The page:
Good Morning Bloggers,
A Heat Wave is expanding over the plains and we will look at the weather pattern in just a minute, but let us begin this blog with the updated weather forecast for the eclipse. 55 days before the eclipse we issued our first forecast based on the Cycling Pattern Hypothesis and this forecast has not changed at all. It will not change as the pattern is cycling regularly and we are in the same pattern that began last fall. The new pattern will begin setting up in late September and October and we will begin that discussion in a couple of months. The weather pattern is cycling regularly as we have shared with you for years. Astronomical cycles are a bit more obvious and astronomers are likely the best forecasters of future events in the world. They know exactly, to the second, when the eclipse will begin and end, and they made this forecast years ago. It will be accurate. There are other cycles we know of in astronomy quite well.
Above, you can see our hypothesis that we have used for decades to forecast the weather and we are getting better and better and now there is a computer model that combines our art with science. This years pattern is cycling in the 56 to 61 day range centered on 58-59 days.
The map above shows the cycling index blend from the past three years. The jet stream is currently reaching its weakest strength and farthest north position as it does every year at this point. I am just showing you this graphic to showcase how the pattern is cycling, and we have shared with you how accurate our forecasts have been at Weather2020 for the past decade. We “know” what the pattern will likely look like from 1 day to up to 300 days into the future, and this is why you can count on this eclipse weather forecast.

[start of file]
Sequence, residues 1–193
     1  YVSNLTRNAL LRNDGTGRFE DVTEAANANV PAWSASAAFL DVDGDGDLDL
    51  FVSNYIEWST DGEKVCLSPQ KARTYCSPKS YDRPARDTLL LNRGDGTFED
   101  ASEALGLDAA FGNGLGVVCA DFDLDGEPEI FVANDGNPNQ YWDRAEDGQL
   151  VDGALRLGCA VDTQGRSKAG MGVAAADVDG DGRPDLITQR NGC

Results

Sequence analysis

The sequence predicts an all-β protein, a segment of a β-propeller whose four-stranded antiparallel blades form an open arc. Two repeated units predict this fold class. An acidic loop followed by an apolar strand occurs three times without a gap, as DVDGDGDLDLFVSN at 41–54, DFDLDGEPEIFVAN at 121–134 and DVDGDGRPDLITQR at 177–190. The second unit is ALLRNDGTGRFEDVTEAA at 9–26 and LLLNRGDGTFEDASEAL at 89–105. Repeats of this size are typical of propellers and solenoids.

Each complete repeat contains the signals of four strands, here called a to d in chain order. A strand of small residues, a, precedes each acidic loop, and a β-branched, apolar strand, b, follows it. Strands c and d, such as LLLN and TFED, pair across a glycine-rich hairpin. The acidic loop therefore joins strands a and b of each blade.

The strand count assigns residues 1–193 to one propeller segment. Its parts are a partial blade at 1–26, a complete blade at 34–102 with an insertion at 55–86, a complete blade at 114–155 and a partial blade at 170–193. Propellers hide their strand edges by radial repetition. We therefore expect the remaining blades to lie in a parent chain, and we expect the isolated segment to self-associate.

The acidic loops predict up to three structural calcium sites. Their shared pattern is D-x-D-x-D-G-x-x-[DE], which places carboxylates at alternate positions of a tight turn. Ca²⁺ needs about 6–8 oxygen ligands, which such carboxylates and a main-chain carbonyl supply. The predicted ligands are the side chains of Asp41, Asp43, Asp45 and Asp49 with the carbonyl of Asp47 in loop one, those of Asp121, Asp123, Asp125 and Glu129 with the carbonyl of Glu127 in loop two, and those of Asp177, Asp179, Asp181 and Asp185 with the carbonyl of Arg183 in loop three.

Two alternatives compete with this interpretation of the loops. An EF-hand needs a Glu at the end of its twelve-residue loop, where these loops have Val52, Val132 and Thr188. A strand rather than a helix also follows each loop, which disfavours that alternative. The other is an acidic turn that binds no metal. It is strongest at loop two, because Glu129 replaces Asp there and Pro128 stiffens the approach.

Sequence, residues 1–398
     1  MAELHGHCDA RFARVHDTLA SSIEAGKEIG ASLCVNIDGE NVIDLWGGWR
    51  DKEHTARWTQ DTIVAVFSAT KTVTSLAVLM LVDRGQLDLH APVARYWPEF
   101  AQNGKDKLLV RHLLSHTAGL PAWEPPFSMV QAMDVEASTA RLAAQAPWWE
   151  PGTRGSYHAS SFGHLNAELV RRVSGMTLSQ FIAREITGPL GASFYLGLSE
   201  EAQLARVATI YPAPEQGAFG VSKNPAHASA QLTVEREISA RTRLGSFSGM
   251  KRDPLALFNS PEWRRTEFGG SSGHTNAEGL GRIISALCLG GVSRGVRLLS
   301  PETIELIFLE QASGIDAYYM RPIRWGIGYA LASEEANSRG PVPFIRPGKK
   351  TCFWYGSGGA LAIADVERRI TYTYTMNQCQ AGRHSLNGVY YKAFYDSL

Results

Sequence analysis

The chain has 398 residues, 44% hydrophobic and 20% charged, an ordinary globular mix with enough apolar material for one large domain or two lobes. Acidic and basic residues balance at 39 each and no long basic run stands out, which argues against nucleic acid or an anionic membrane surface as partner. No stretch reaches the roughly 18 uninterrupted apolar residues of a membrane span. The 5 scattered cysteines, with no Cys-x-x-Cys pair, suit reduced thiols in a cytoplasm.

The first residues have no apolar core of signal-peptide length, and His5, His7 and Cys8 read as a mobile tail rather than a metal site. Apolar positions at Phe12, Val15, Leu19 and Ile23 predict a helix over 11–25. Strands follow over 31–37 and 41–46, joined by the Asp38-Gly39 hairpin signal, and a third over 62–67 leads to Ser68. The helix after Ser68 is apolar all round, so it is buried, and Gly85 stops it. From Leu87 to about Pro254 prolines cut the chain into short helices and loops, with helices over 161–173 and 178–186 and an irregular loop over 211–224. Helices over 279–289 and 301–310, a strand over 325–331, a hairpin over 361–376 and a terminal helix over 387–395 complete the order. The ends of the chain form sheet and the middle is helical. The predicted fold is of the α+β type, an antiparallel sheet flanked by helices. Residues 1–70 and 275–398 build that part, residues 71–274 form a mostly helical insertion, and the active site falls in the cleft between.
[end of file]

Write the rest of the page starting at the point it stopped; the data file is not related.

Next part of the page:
The eclipse will be viewed by millions of americans and people from around the world that will be lining up along the path. Our team at KSHB-TV and Weather2020 will be strategically located closer to KC to share the eclipse with you. It is still one month away. Here is the forecast:
Tropical Storm Cindy had just crossed the Gulf of Mexico coast line and it was weakening as it moved into the Tennessee Valley. The cloud cover is something we do not want to see as we get into August 21st. There is an increased chance of a tropical storm again within five days of the eclipse, and this time it would likely be a major hurricane as the same pattern cycles back through that already produced Cindy. There may also be a few thunderstorm complexes across the plains moving southeast as well. For these reasons we continue that forecast of yellow, which means there is a chance of clouds blocking out the sun in spots. In this yellow area there is still s good 70% chance of it being clear enough for you to have good viewing. The green areas continue to look great for eclipse viewing.
Todays Weather Pattern:
It has been 1,411 days since Kansas City has been 100 degrees or higher at KCI Airport, the official recording station. The day with the best chance to break this streak, to end this almost four year long stretch is Saturday. Why? Take a look at the surface forecast valid Saturday afternoon:
Kansas City will likely be just south of this developing cold front. The temperatures will range from the 60s in Nebraska to over 100 degrees over Kansas. Just ahead of these fronts we get what is called frontal compression and temperatures can be forced to go a bit higher. If there are no clouds, and this forecast map above is accurate, then I believe KC will reach that 100 degree mark at 4:30 PM on Saturday afternoon. Then, there will be a chance of thunderstorms Saturday night.
Have a great day and share this post with your friends so they can have an eclipse forecast!